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UN Special Rapporteur on Human Rights Due This Week in Mozambique, and Cabo Delgado

UN Special Rapporteur on Human Rights Due This Week in Mozambique, and Cabo Delgado

Mozambique will on Thursday host the United Nations Special Rapporteur on the human rights of internally displaced persons, Paula Gaviria Betancur, for a two-week fact-finding mission.

It will take her to the oil-gas-rich Cabo Delgado and neighbouring Sofala provinces.

Since insurgents linked to the Islamic State launched violent attacks that forced TotalEnergies to stop its liquefied natural gas project in the coastal city of Palma in 2021, both Cabo Delgado and Sofala provinces have experienced humanitarian situations leading to internal displacements (IDPs).

According to Cabo Delgadi a conflict observatory and monitor of political violence in Mozambique, since the insurgency started in 2021, there have been 4 786 recorded deaths, with 2 047 of those being civilians.

The UN Office for the Coordination of Humanitarian Affairs said in its latest report that, in October, there were 7 000 displacements in north-eastern Cabo Delgado following a string of insurgent attacks.

In all, since 2021, it is estimated that there are between 800 000 and a million people who have been internally displaced in Mozambique.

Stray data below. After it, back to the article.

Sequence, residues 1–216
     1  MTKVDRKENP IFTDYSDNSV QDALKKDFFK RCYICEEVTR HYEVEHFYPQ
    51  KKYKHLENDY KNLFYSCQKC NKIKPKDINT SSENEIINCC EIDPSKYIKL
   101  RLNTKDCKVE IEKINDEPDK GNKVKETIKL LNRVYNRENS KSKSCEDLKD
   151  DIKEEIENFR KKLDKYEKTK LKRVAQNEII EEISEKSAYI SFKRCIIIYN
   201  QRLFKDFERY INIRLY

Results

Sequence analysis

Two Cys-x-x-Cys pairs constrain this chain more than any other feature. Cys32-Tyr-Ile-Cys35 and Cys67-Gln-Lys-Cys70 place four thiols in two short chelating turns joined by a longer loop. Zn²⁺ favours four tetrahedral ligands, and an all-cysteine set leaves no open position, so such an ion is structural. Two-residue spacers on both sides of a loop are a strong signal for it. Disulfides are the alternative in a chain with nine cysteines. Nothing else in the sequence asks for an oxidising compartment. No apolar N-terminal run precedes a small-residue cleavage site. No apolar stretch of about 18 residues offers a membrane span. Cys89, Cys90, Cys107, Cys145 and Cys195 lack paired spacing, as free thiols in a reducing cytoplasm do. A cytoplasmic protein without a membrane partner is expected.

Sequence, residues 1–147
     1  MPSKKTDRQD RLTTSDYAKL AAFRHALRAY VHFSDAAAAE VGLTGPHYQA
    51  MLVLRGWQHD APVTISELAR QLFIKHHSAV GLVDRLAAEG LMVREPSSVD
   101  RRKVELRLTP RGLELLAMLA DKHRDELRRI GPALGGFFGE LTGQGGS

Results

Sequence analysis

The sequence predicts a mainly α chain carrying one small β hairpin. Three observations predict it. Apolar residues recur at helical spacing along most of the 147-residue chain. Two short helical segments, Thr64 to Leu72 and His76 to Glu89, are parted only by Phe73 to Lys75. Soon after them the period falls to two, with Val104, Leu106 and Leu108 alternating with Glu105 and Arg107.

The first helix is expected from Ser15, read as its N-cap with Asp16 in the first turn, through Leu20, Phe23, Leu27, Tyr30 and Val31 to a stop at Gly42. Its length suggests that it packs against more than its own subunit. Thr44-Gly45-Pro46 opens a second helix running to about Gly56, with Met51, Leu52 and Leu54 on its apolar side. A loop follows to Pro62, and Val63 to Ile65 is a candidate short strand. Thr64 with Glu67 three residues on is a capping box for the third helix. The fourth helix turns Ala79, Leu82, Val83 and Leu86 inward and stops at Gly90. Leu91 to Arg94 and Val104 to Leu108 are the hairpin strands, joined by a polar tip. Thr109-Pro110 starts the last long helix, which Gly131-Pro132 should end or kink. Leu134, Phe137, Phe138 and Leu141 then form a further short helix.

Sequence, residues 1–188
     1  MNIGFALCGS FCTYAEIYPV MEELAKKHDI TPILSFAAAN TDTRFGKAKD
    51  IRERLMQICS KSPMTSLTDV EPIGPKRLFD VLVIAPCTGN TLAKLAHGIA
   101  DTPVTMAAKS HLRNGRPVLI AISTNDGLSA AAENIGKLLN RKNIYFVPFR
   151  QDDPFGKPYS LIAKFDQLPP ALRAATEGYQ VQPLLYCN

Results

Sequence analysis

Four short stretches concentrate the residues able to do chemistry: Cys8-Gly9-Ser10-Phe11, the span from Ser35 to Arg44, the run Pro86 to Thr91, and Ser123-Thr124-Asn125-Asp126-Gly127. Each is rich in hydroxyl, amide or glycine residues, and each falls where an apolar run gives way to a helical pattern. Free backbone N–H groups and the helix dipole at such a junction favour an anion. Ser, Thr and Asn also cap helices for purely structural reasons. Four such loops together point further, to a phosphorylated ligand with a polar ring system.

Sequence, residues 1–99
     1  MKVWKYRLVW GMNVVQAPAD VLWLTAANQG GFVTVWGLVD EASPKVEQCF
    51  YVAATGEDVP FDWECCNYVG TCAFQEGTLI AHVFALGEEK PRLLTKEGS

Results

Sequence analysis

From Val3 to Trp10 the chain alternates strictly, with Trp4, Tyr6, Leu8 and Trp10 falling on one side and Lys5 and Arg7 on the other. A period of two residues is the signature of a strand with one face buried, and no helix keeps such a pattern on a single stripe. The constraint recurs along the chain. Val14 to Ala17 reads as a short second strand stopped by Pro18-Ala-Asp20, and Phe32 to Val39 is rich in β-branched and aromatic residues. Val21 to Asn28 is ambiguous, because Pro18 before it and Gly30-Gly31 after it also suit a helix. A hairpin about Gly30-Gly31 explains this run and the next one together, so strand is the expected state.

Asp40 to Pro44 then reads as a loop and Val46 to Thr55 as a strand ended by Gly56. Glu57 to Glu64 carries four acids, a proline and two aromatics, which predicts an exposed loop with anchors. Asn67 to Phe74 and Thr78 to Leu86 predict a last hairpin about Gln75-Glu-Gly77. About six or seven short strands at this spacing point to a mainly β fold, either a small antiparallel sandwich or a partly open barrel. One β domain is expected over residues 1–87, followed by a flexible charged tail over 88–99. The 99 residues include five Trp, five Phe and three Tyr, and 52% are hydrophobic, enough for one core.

The UN said that, during Betancur’s 9-21 November mission in Mozambique, she will meet “government officials, representatives of the UN, other human rights, humanitarian and development partners, the private sector, civil society, faith-based organisations, and IDPs.”

The meetings will help her “gather first-hand information on the situation of internally displaced persons in the country.”

This will be a first-of-its-kind mission in Mozambique.

TotalEnergies hired Jean-Christophe Rufin, a human rights expert, at the beginning of the year.

Rufin’s job was to independently assess the situation in Cabo Delgado.

His findings will help TotalEnergies assess the possibility of its return to the area.

However, the situation in Mozambique has evolved to include IDPs affected by climate change-induced floods. 

Thousands of homes and public infrastructure, like schools and clinics, are yet to be reconstructed as another rainy season, usually accompanied by floods, approaches. 

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